David Lindley re-examines the murder trials of Frances Howard and the historical representations of her as `wife, a witch, a murderess and a whore', challenging the assumptions that have constructed her as a model of female villainy.
'This is an acute, scrupulous, and at times disturbing analysis of the Overbury affair.' - Charles Nicholl, Times Literary Supplement
'His interdisciplinary approach, the new questions he has asked of family sources, and his recovery of neglected ones combine to make The Trials of Frances Howard the most stimulating and scholarly study yet published in the Overbury scandal.' - Alastair Bellany, The Huntingdon Library Quarterly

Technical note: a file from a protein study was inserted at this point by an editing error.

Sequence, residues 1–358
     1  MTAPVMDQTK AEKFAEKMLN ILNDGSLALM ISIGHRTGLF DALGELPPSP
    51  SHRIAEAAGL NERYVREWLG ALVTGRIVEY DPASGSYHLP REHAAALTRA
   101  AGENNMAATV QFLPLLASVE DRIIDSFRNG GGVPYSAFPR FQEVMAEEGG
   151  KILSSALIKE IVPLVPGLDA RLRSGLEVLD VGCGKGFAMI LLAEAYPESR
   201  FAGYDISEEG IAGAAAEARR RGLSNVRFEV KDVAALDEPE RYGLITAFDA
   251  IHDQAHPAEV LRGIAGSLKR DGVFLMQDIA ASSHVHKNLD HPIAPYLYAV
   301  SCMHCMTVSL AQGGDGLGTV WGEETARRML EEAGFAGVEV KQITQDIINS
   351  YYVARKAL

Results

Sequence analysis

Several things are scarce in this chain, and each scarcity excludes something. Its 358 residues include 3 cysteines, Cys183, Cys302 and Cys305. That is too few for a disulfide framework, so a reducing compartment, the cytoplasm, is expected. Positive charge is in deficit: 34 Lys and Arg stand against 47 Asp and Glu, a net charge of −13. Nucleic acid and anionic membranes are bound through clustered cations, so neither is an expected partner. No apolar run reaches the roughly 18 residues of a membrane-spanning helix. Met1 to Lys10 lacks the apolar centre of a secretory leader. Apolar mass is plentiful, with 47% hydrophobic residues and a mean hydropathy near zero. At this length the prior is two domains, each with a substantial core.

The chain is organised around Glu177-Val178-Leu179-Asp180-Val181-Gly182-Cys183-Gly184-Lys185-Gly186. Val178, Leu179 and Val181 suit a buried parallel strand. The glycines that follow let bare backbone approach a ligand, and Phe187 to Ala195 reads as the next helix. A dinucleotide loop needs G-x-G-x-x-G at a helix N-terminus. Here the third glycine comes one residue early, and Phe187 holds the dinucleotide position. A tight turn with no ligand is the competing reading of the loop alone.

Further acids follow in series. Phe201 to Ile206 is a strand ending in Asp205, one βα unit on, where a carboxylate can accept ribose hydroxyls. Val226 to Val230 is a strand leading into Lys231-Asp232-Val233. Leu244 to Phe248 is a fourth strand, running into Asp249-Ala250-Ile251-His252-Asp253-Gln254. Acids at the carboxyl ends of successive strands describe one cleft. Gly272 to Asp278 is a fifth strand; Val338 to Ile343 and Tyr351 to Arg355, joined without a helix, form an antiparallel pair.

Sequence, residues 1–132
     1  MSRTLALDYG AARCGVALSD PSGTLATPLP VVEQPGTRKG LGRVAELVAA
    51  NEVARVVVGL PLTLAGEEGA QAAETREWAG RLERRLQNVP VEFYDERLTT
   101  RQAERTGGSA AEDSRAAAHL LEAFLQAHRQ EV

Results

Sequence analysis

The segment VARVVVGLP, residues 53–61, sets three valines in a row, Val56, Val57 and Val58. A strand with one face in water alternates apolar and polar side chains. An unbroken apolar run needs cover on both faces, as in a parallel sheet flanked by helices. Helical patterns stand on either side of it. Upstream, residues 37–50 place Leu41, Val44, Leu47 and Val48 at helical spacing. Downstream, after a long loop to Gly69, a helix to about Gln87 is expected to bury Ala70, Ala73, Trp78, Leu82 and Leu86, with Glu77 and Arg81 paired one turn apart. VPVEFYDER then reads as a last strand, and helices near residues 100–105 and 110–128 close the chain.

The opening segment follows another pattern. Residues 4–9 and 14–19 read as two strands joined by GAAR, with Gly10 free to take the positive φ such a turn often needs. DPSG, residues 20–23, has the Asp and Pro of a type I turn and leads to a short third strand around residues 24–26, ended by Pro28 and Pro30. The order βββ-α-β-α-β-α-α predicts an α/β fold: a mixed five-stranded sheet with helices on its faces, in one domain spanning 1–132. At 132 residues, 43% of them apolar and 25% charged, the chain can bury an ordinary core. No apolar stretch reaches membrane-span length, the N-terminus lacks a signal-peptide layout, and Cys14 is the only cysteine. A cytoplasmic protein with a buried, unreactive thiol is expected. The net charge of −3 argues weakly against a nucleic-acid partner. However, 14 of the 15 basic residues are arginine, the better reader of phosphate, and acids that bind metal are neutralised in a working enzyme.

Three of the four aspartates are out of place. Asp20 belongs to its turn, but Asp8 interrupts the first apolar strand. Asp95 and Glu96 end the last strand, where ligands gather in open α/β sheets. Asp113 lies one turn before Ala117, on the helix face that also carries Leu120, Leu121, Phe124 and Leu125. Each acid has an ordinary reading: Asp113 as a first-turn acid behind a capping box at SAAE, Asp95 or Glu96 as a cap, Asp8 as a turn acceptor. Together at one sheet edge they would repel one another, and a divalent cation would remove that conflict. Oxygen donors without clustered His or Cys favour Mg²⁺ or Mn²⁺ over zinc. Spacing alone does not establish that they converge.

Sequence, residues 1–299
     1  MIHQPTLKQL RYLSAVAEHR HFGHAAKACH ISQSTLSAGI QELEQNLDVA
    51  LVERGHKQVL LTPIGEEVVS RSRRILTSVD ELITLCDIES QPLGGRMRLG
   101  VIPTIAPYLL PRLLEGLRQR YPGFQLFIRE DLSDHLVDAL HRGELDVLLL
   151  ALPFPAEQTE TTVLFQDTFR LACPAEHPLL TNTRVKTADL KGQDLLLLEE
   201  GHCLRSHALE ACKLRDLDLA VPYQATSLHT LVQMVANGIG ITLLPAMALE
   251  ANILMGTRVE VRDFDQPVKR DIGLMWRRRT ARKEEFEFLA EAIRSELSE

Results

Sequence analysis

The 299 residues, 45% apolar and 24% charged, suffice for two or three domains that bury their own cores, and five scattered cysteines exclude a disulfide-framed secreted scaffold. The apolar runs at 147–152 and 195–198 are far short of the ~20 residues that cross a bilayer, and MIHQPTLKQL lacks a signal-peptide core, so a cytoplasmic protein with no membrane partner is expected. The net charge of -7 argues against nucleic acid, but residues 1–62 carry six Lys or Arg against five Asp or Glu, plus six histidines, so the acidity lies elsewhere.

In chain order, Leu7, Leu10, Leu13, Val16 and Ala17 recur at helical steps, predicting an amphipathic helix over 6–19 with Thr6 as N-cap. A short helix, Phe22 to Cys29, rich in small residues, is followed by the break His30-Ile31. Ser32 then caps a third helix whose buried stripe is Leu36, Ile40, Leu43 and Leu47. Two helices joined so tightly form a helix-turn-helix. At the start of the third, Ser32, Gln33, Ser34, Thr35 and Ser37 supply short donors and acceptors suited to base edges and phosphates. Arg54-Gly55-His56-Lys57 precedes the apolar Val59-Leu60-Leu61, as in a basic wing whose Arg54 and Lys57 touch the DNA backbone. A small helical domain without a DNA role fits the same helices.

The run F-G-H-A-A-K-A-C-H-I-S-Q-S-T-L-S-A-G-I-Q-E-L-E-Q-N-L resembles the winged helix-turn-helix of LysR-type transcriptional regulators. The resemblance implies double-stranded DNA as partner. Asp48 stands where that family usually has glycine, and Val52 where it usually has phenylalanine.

'By laying out for us the comment on one extraordinary woman [Lindley] sheds brilliant light how all women were perceived in early modern England.' - Diarmaid MacCulloch, New Statesman
'A spendid piece of cultural history, subtle, scholarly and very well written.' - The Observer